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Frederick Douglass (1818-1895)

Frederick Douglass as a young man

Frederick Douglass as an older man

Slave (Freedom, Liberation) Narratives
Selected Bibliography on Frederick Douglass
Brief Lecture Notes on Douglass's Narrative

American Visionaries: Frederick Douglass.  This site by the National Park Service is rich in pictures and provides a good overview of Douglass's place in American culture.
Frederick Douglass and technology from the African American Intellectual History site. New
Biographical sketch and photographs at the PBS Africans in America site 
Douglass's papers at the Library of Congress. This site includes a search feature, a timeline of Douglass's life, page images of the handwritten letters, and his diary from his trip to Europe and Africa in 1886.  
James Earl Jones reading Douglass's "What is the Fourth of July to the Negro?" speech (YouTube.com)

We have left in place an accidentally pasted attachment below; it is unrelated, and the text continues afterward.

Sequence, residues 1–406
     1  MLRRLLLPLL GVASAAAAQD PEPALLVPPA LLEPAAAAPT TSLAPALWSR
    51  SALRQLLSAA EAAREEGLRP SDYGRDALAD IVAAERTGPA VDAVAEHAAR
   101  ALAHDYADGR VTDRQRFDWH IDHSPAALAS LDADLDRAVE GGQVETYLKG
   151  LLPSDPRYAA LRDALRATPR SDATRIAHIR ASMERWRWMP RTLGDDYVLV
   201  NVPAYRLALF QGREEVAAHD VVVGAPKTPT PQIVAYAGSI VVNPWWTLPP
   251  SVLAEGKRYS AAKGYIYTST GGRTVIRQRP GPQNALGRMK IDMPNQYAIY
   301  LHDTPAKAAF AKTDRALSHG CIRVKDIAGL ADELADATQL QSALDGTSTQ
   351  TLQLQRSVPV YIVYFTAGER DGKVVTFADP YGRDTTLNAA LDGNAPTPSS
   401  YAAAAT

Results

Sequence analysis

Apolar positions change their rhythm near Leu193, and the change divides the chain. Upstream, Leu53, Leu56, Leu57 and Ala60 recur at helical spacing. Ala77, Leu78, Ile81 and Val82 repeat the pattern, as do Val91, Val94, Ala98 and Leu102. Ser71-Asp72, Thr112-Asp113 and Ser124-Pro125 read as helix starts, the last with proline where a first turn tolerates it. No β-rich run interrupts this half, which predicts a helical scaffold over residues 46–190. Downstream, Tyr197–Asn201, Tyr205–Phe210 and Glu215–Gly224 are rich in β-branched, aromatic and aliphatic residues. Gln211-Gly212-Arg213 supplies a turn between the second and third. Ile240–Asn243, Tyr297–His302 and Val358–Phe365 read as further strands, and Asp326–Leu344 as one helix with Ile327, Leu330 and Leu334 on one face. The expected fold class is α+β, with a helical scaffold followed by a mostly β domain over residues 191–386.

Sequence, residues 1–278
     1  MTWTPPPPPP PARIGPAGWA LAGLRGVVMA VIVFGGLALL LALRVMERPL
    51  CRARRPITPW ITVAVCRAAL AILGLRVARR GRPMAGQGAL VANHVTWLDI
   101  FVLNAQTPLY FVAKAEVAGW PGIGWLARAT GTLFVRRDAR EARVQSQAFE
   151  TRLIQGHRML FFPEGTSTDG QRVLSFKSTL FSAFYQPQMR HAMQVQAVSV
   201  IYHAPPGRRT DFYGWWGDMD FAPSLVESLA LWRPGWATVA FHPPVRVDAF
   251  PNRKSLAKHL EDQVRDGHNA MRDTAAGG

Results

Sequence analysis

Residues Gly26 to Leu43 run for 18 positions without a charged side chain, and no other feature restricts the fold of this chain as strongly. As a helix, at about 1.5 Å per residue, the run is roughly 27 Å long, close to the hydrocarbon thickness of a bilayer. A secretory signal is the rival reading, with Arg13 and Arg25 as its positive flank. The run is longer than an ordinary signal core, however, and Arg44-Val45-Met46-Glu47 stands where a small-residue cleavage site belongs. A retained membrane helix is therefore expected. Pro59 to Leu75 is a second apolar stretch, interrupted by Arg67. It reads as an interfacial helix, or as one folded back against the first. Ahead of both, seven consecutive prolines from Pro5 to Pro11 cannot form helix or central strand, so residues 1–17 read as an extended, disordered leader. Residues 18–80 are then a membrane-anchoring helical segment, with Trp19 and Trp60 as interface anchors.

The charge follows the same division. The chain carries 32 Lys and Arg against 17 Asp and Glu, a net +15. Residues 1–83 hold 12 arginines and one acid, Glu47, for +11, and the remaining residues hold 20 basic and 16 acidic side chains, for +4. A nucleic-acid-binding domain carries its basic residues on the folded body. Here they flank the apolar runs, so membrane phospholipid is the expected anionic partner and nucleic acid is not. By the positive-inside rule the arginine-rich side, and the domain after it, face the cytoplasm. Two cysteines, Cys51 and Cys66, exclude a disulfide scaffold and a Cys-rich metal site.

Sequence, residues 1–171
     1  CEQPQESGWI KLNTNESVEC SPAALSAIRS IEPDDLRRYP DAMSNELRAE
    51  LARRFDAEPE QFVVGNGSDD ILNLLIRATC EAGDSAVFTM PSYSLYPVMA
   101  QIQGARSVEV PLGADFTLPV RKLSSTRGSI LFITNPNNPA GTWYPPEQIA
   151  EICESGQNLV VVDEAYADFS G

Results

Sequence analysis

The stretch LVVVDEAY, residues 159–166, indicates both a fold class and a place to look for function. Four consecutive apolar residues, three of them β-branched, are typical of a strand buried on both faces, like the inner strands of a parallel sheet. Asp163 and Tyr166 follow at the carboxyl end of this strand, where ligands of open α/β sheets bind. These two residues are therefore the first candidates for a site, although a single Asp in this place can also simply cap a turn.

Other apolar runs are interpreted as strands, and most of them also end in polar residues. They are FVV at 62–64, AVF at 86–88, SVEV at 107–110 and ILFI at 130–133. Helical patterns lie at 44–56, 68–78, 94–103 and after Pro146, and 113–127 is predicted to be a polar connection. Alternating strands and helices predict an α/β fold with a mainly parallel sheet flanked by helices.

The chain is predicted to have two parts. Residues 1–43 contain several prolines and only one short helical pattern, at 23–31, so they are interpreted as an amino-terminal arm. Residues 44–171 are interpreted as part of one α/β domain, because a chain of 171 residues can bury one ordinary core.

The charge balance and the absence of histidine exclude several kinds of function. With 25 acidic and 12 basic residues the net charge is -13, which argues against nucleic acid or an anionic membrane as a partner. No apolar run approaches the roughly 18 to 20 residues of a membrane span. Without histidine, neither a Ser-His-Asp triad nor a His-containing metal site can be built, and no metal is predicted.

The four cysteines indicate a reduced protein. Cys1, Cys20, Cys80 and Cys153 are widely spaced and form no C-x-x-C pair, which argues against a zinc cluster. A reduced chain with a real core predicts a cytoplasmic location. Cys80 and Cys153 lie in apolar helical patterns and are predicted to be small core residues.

Pictures courtesy of the National Portrait Gallery

Works Available Online

Narrative of the Life of Frederick Douglass, An American Slave (UC Berkeley)
My Bondage and My Freedom (1855)
"The Meaning of July Fourth for the Negro" (pbs.org) (Watch James Earl Jones read this speech) (Read a rhetorical analysis of the speech)
"A Plea for Free Speech in Boston" (1860)
"An Appeal to Congress for Impartial Suffrage" (Atlantic Monthly, January 1867)
"My Escape from Slavery" (Century Magazine, November 1881)
The Negro Exodus from the Gulf States . Illustrations. 
Reconstruction (1866) 
The Future of the Colored Race (May 1886)
"The Color Line" (May 1881) 

Comments to D. Campbell.